Senior Assassins Continues Despite COVID-19

She was getting ready for work and thought about nothing but being five minutes behind. Rushing out the door she was pelted with squirt guns and the voice of her peers cheering that they had gotten their target out. 

“Senior assassins is a game where every partner pair gets a set of two targets (other students) and then you basically have to go after them, and squirt them with water… when they aren’t wearing a floatie (their only source of protection in the game),” senior Madison Blankenhorn said.

17 players have gotten out in the game leaving 149 players still alive. Despite having 17 players out, only five full teams are out, leaving 78 teams in the game. (Chart by Bella Niems)

Senior Assassins is a beloved tradition that all high school students get to look forward to. This year there are over 160 students playing and 17 of them have already gotten out since the games started on September 23 and will end once there is only one team left standing (usually around the end of the school year). 

Every year the game is organized by a group of eager seniors, this year the game administrators are Morgan Mayorga, Noe Aliva, and Maya Grudman. The three of them are responsible for reviewing videos (proof that someone got their target out) and overall making sure the game goes smoothly. 

“I’m one of the coordinators so I post the videos that are sent in along with the other coordinators.  We answer questions and solve issues. On a daily basis, all I have to do is post  videos and sometimes there is controversy with the video so I have to discuss with the other coordinators.” Mayorga said.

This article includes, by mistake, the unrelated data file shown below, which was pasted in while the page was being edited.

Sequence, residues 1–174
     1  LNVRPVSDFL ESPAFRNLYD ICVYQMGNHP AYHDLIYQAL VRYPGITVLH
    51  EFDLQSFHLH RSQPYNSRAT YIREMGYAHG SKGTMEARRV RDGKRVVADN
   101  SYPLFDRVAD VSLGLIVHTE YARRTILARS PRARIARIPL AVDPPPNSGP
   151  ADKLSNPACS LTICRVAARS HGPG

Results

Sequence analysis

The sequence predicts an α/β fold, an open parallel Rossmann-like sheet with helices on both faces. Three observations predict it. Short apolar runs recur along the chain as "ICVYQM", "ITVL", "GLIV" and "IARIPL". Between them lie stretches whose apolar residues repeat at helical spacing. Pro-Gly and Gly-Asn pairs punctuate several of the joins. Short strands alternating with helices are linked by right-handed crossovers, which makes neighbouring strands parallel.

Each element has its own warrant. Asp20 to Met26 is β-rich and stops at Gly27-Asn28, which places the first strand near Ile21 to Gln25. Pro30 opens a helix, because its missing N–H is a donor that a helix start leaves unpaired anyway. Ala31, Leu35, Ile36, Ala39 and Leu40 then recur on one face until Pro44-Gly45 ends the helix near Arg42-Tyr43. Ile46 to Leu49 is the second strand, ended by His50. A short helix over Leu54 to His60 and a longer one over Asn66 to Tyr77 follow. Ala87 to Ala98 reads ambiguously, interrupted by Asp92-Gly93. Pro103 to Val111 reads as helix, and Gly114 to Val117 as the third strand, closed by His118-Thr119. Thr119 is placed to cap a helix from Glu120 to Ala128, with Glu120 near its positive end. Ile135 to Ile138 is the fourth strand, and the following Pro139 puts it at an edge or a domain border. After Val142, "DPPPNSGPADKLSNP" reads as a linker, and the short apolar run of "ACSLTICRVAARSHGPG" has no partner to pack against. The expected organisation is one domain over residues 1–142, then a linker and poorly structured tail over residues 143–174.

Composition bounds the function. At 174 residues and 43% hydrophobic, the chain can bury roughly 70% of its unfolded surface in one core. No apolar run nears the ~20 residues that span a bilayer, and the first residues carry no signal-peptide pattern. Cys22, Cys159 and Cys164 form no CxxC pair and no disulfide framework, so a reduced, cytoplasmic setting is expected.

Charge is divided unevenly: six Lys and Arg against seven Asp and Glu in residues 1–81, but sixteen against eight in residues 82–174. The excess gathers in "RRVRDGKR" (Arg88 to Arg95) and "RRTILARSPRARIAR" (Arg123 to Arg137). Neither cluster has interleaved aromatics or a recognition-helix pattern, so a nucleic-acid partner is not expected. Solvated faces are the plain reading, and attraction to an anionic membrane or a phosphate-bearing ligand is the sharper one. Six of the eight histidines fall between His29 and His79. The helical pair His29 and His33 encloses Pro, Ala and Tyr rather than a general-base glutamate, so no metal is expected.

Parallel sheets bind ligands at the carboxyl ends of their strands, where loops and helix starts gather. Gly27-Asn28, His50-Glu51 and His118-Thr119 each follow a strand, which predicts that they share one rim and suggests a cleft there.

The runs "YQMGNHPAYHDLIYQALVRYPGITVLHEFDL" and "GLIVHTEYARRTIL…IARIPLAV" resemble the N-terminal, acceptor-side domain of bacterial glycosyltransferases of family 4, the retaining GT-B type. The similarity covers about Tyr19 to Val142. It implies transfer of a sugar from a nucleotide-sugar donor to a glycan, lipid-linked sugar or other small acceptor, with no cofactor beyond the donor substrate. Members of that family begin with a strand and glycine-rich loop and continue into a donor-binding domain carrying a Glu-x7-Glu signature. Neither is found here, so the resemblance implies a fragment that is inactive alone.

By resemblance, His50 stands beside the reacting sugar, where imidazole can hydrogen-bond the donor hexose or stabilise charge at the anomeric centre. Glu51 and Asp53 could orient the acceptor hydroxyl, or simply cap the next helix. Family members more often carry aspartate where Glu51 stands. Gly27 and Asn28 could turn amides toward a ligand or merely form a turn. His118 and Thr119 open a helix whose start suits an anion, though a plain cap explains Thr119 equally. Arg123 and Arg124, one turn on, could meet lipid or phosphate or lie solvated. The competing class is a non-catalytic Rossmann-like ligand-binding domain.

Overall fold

Along with everything else in the middle of a pandemic, there are some issues that the game coordinators have faced when putting together an event of over 160 people. 

Noe Avila poses in his floatie and sunglasses. Aliva is one of the three game coordinators that run Senior Assassins.

“The biggest challenge that we have to face is social distancing as well as people wearing masks,” Avila said, another game coordinator. 

Due to COVID-19, there have been substantial changes to the game. When getting a target out,  it is required that the assassin wear a mask and try to maintain six feet of distance. In some of the “kills,” students have not been adhering to the six feet mandate but they commonly reside within the same friend group.

Game coordinators have made the decision that if people are putting themselves in situations without a mask within their friend group, the assassin may get them out without a mask on. 

This event happened to Blankenhorn when she got out at a group gathering she held at her house on October 3. 

“I thought I knew who all the people I was with, had, so it was kind of stupid of me to then take off my floatie and think that none of [my friends] had me,” said Blankenhorn. 

 

The big unspoken rule for Senior Assassins is to trust no one, especially close friends.

Nassib Abousleiman and Kai Long showcase their floaties. The two are known as the “power team” since they have already assassinated four targets. (Photo Courtesy of Nassib Abousleiman)

Nassib Abousleiman and Kai Long have already gotten out four targets, making them the team to be scared of.

Although all four of their targets have been extremely close friends who they have manipulated into situations where they can get them out. 

“I feel like it’s a game of opportunity more than luck. So you got to know people and know information about those

people and then act on it,” said Abousleiman. 

The end goal of the game is to be the last one standing and receive prize money of over $1,500. Some people play for the fun, some people play for the money. 

“In the end, I’m playing for the money, but I mean if I get out, then I’m not going to complain because I’d have a lot of fun in the process,” noted Abousleiman. 

This year will definitely be a different game with COVID-19, but the class of 2021 is determined to make this year as memorable as possible.